Newsletter and Technical Publications
<International Source Book On Environmentally Sound Technologies
for Wastewater and Stormwater Management>
6. Wastewater and stormwater reuse (Topic d)
Human excreta and wastewater contains useful materials. These are water,
organic carbon and nutrients. They should be regarded as a resource. In their
natural cycles they are broken down by micro-organisms and become useful to
plants and animals (Section 2 (2.2)), thus sustaining natural ecosystems. When
improperly disposed these substances can cause pollution, because the organic
materials exert oxygen demand, and the nutrients promote algal growth in lakes,
rivers and near-shore marine environments.
Human excreta and wastewater contain pathogens. Reuse of the wastes must
ensure that public health is maintained. Planned reuse is the key to wastewater
reuse. Planning for reuse ensures that public health and protection of the
environment are taken into account. Reuse of treated wastewater for irrigation
of crops, for example, will need to meet (i) standards for indicator pathogens,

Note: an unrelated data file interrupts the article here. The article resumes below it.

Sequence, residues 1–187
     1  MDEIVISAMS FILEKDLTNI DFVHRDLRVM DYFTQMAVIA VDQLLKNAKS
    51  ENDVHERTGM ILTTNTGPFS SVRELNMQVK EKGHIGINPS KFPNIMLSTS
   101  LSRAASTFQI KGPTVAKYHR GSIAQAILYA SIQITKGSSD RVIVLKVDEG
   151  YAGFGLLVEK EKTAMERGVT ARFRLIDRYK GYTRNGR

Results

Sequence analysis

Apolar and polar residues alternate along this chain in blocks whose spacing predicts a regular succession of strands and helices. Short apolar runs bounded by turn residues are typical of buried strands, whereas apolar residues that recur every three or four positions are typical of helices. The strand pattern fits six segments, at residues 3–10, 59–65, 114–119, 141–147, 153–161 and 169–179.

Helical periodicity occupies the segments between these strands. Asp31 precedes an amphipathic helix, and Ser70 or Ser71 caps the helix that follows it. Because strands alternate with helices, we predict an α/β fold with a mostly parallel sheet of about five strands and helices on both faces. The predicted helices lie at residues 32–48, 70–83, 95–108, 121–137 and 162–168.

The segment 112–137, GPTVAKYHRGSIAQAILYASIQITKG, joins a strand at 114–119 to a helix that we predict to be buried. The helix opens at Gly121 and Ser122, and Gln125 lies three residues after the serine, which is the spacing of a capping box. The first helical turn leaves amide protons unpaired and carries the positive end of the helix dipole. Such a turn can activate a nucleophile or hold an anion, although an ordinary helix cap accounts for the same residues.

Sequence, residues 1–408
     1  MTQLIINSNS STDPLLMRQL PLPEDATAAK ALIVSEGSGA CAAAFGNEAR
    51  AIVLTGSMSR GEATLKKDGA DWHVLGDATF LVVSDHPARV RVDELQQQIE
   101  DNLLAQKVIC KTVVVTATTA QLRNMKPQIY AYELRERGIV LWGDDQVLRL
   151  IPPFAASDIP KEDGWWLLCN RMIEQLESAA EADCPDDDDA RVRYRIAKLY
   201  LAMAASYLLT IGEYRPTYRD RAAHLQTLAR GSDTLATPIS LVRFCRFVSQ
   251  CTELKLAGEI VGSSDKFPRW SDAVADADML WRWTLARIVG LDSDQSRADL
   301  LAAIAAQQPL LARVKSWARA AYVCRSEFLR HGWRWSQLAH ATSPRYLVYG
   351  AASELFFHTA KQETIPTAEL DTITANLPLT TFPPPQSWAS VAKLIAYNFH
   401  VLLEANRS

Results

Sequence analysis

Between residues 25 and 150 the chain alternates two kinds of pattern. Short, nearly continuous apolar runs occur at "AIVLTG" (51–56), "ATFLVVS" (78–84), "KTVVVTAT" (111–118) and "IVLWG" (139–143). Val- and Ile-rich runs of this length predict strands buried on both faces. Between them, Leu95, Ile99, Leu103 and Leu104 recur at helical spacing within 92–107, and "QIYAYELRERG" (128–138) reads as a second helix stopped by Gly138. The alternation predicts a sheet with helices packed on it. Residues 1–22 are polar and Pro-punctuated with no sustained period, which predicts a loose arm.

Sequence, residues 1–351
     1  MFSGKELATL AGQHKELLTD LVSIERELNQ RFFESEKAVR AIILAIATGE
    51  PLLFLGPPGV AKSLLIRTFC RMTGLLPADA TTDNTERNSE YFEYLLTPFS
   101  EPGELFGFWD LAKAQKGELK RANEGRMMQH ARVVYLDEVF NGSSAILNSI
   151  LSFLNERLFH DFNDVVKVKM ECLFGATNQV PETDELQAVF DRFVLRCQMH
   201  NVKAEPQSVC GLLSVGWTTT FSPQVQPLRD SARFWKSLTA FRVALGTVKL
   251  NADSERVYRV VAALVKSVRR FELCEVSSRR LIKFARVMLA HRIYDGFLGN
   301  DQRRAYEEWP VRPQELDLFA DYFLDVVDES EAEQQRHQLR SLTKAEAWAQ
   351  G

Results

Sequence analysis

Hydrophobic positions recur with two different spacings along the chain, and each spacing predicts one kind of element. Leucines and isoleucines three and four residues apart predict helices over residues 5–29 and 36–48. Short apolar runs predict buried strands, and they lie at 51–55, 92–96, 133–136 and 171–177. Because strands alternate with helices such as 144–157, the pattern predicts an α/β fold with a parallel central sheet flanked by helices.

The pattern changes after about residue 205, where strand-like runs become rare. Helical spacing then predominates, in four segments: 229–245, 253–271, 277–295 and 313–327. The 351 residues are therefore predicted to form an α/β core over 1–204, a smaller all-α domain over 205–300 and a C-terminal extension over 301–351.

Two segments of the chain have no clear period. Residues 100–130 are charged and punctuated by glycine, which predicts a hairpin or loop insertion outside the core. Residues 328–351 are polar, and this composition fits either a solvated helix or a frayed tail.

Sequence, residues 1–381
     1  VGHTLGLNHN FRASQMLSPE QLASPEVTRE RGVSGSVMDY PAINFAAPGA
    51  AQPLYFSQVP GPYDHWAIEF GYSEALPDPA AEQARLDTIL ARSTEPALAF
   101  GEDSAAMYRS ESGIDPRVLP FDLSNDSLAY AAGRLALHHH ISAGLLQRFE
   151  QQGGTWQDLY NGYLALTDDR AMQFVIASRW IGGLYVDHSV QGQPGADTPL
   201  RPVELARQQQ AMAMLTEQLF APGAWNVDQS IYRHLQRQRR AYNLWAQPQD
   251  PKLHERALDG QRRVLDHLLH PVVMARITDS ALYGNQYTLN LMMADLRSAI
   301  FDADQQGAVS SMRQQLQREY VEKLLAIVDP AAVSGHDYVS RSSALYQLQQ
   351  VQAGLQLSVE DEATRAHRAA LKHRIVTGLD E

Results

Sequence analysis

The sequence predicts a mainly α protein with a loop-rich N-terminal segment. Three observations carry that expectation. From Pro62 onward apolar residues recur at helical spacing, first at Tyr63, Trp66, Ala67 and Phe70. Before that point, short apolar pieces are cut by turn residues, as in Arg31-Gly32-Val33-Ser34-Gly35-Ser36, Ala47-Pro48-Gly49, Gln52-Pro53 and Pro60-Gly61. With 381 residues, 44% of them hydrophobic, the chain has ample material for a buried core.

and (ii) plant requirement for water, nitrogen and phosphorus. Standards for
reuse of wastewater for various purposes have been developed by WHO and many
states (see Regional Overviews). Plant requirements for water and nutrients is
plant-specific and site-specific (dependent on soil type and climate) and
information on these requirements need to be obtained from local sources of
Unplanned or unintentional wastewater reuse is already taking place widely
when we have human settlements along a major river (e.g. the Mississippi River).
Water is withdrawn from the river by a community, treated for water supply and
distributed. After its use the water is collected, treated and discharged to
the river. This process is repeated many times along the river. The only documented
'intended reuse' of this nature is in Windhoek, Namibia where treated wastewater
is returned to the water reservoir supplying water to the town. This was initiated
during a severe drought (See Regional Overview for Africa).
While reuse of wastewater for public water supply of drinking water quality
standard is the exception, the technology exists to process wastewater to
drinking water. A pilot plant at Denver demonstrated that 1 million US gallons
per day (3.78 million L/day) of secondary effluent could be treated to produce
water that is better in quality than water supplied to the city of Denver.
All water used for drinking purposes has in a sense been used, because in the
water cycle (Section 2 (2.2)) water is continuously cycled.